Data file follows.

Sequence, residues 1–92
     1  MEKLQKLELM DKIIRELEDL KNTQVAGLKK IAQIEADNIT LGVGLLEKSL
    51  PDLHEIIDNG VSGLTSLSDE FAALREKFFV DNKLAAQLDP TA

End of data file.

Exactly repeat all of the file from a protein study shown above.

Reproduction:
Sequence, residues 1–92
     1  MEKLQKLELM DKIIRELEDL KNTQVAGLKK IAQIEADNIT LGVGLLEKSL
    51  PDLHEIIDNG VSGLTSLSDE FAALREKFFV DNKLAAQLDP TA